"You put your right foot in,
You put your right foot out,
You put your right foot in,
And you shake it all about.
You do the Hokey Pokey,
And you turn it all around,
That's what it's all about..."
No other song seems to symbolize a good time for people and bring smiles to their faces to quite the same extent as "The Hokey Pokey." But where did this quirky song come from? It's complicated.
In 1942, Irish songwriter and publisher Jimmy Kennedy, best known for "The Teddy Bear's Picnic," created a dance, and an instructional song to go with it, called "The Hokey Cokey."
Written to entertain Canadian troops stationed in London, the song was similar to the "Hokey Pokey" we all know today.
Composer Al Tabor was also entertaining Canadian troops in wartime London, and in 1942 he wrote a participation dance song called "The Hokey Pokey." He claims the name came from the London ice cream vendors of his youth, called "Hokey Pokey Men." The accompanying dance was very similar to Kennedy's.
MEANWHILE, ON THE OTHER SIDE OF THE POND ...
In 1946, totally unaware of the British "Hokey Cokey" and "Hokey Pokey," two Scranton, Pennsylvania musicians—Robert Degan and Joe Brier—recorded "The Hokey-Pokey Dance" to entertain summer vacationers at Poconos Mountains resorts. The song was a regional favorite at dances and resorts for the rest of the 1940s, but that still isn't the song we know today.
To confuse matters even more, British bandleader Gerry Hoey also claimed to have authored a similar tune, "The Hoey Oka," in 1940.
BUT THE ONE WE KNOW TODAY ...
The general belief is that Charles Mack, Taft Baker, and Larry Laprise wrote the American version of the song "The Hokey Pokey" in 1949 to entertain skiers at the Sun Valley Resort in Idaho. The song was a hit at the resorts, so Laprise recorded it.
The recording flopped, but Degan and Brier found out about it and sued Laprise for ripping off their "Hokey-Pokey Dance." Despite the fact that his version came out after theirs, Laprise won the rights to anything having to do with "The Hokey Pokey."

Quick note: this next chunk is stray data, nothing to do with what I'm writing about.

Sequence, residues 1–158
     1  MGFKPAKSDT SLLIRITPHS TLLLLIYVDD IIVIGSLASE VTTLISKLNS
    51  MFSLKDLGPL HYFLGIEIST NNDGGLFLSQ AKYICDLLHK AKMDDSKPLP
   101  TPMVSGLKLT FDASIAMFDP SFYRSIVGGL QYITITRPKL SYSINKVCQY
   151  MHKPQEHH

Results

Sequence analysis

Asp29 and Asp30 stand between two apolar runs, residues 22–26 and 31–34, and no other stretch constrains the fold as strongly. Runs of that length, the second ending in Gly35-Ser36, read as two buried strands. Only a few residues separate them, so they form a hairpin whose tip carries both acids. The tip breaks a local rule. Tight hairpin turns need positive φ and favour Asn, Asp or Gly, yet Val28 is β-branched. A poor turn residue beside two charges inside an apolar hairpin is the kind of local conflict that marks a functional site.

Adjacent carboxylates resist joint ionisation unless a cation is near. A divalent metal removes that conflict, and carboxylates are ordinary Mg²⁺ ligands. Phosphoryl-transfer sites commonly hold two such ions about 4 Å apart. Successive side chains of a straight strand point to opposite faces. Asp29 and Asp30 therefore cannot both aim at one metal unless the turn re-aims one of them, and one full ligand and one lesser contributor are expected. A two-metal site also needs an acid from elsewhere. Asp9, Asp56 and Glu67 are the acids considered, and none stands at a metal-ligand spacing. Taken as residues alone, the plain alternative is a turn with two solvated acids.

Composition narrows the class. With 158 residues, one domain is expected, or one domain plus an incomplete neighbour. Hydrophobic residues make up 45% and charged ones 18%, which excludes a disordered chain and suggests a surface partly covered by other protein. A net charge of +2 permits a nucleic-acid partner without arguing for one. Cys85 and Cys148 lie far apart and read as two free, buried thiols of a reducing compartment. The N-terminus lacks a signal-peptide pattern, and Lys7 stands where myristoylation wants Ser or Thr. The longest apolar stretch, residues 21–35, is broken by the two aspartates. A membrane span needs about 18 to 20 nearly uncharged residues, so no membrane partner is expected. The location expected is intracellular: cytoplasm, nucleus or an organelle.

In 1953, Ray Anthony's orchestra recorded it—a double A-side single with "The Bunny Hop"—and it made it to #13 on the charts. That's the version we know today.
A MAGICAL HISTORY
The origins of the song, though, go back even further. Some argue that "The Hokey Pokey" (or "Cokey") is a corruption of "hocus pocus," the familiar term used by magicians.
"Hocus pocus" derives, in turn, from a Latin line in the Catholic Mass, "Hoc corpus meum" ("This is my body"), indicating the transformation of the communion "bread" into the body of Jesus Christ.
The dance that goes along with the song—in which the participants all dance in a ring, putting the relevant arm or foot in or out, and then shaking it around—goes back a fair way, too.
Similar dances and songs were recorded in Robert Chambers's Popular Rhymes of Scotland (1826); other versions have been traced to 17th-century minstrels.
THE REAL ORIGIN?
But the earliest accurate record, so far, of the song we all know and love is from an account, dated 1857, of two sisters from Canterbury, England, on a trip to Bridgewater, New Hampshire. During their visit, they taught the locals a song that went something like this:
"I put my right hand in,
I put my right hand out,
I give my hand a shake, shake, shake,
And I turn myself about."
Apparently, the performance of the song—called "Right Elbow In" and several verses long—was accompanied by "appropriate gestures" and was danced with a slow, rhythmic motion.
Whether or not an earlier reference will ever be found, it seems the origins of "The Hokey Pokey" do not lie in America, as currently claimed. The song was merely imported there. The song's great popularity definitely makes it a part of Americana, however.
Eddie Deezen has appeared in over 30 motion pictures, including Grease, WarGames, 1941, and The Polar Express. He's also been featured in several TV shows, including Magnum PI, The Facts of Life, and The Gong Show. And he's done thousands of voice-overs for radio and cartoons, such as Dexter's Laboratory and Family Guy.